Scenes From Málaga’s Central Market: Not For The Faint Of Heart.
To market, to market.
That’s where you should go when you feel like catching a glimpse of the gritty, unshaven armpit of a place.
Market folk don’t care what you think of their city. Market folk don’t dress in their Sunday best. They don’t speak softly, they don’t wait patiently, and they certainly don’t blanche at the sight of a little blood.
On one of our last days in Málaga, Spain, Justin’s sister Becca insisted we visit the Mercado Atarazanas, or Central Market.
Through a few minutes of totally reliable online research, I learned that Atarazanas means “place where ships are repaired” in Arabic, indicating that during Moorish times (back in the 1300′s) when sea level was higher, this building sat on the edge of the water. Over the centuries its purpose has changed from shipyard to convent to military barracks to hospital to school to what it is today — an architecturally stunning warehouse of culinary adventure.
Becca eased us into it, meandering first through the stalls of fresh produce and dry goods. Sweet scents of candy and vine-ripened fruits filled my nose.
Sounds of washed, rustling greens and the clatter of nuts scooped from bins.
Fresh spices and dried fruits and house-made vinegars and oils.
And the olives. Oh, the rich, briny olives.
Have I told you how much I love olives?
There were big olives and little olives. Sweet olives and sour. Olives stuffed with pickles and hot peppers. With pimentos or without. Black ones and brown ones and green ones and yellow ones. Buckets and barrels and bins filled with olives.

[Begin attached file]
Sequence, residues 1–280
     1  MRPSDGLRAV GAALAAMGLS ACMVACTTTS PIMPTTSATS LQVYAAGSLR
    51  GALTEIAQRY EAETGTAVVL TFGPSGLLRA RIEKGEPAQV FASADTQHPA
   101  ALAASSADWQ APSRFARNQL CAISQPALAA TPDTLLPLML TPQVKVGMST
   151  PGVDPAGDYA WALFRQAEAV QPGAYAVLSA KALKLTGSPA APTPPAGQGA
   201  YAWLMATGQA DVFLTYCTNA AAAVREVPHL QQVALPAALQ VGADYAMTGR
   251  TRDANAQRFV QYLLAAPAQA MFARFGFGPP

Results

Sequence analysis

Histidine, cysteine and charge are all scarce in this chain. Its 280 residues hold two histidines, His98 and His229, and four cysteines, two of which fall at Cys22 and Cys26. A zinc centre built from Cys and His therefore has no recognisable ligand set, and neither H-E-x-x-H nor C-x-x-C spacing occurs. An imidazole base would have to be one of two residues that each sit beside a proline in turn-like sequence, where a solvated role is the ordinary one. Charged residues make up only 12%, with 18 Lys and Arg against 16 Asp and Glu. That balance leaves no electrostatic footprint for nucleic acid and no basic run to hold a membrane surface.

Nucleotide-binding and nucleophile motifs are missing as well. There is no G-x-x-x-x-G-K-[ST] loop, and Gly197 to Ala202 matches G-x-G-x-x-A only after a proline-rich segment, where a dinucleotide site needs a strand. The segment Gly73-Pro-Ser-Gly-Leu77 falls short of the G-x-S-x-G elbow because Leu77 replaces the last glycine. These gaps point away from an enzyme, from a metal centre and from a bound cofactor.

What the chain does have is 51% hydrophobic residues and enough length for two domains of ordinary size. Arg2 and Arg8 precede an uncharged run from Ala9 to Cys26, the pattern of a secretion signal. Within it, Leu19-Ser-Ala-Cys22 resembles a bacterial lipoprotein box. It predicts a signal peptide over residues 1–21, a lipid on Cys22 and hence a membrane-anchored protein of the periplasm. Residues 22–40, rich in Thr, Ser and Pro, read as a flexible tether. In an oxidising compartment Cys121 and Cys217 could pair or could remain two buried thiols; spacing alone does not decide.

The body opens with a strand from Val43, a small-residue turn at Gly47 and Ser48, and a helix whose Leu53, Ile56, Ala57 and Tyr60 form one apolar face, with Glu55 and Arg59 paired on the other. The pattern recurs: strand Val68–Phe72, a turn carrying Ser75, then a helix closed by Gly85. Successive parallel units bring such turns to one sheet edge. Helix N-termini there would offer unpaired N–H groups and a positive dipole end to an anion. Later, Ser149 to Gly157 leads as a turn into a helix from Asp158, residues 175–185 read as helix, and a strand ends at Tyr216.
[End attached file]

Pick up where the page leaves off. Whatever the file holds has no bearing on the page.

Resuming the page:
It was an olive wonderland.
I was immersed in the wondrous samples of olives from smiling, brine covered, pickling vendors, but then we turned a corner.
**Warning: Do not proceed if meat makes you squeamish.**
We turned a corner, and suddenly we were no longer in the land of colors and sweets and clean, dry aprons.
Where did all the olives go?
Oh, no. We were in the land of seafood and meats.
Of shells and bones and the putrid stench of fresh-cut flesh.
Where the only color to exist, it seemed, was pink.
Hey. I’m not going to sugar coat it for you.
This place could be overwhelming if you’re not used to seeing from where your meat comes.
Oh, you were hoping for a before-and-after shot of my bathroom? Instead, take a gander at this before-and-after of a giant tuna.
Sure, it was a bit gory. Especially if you’re a vegetarian. (I’m not, but all of the blood and guts could maybe bring me close.)
But as a bit of a foodie, I’ll admit. I was kind of envious of the locals who can shop here every week — who can pick from the freshest of fresh ingredients, cook locally, and know where their food comes from.
Becca and Justin picking out dinner.
Here, consumers can smell and touch and even taste before they buy. There are no expiration dates because the food didn’t have to travel across the country to sit stagnant on shelves.
I can’t say that about the value priced tongue at my local Food Lion now, can I?
No, no I can’t.
There are two things we’ve learned here, I think:
1) If you want to see the heart of a place, find yourself the local market, and
2) If you have a hankering for beef tongue for dinner, you don’t have to go to all the way to Málaga to get it.
But it ain’t gonna be fresh.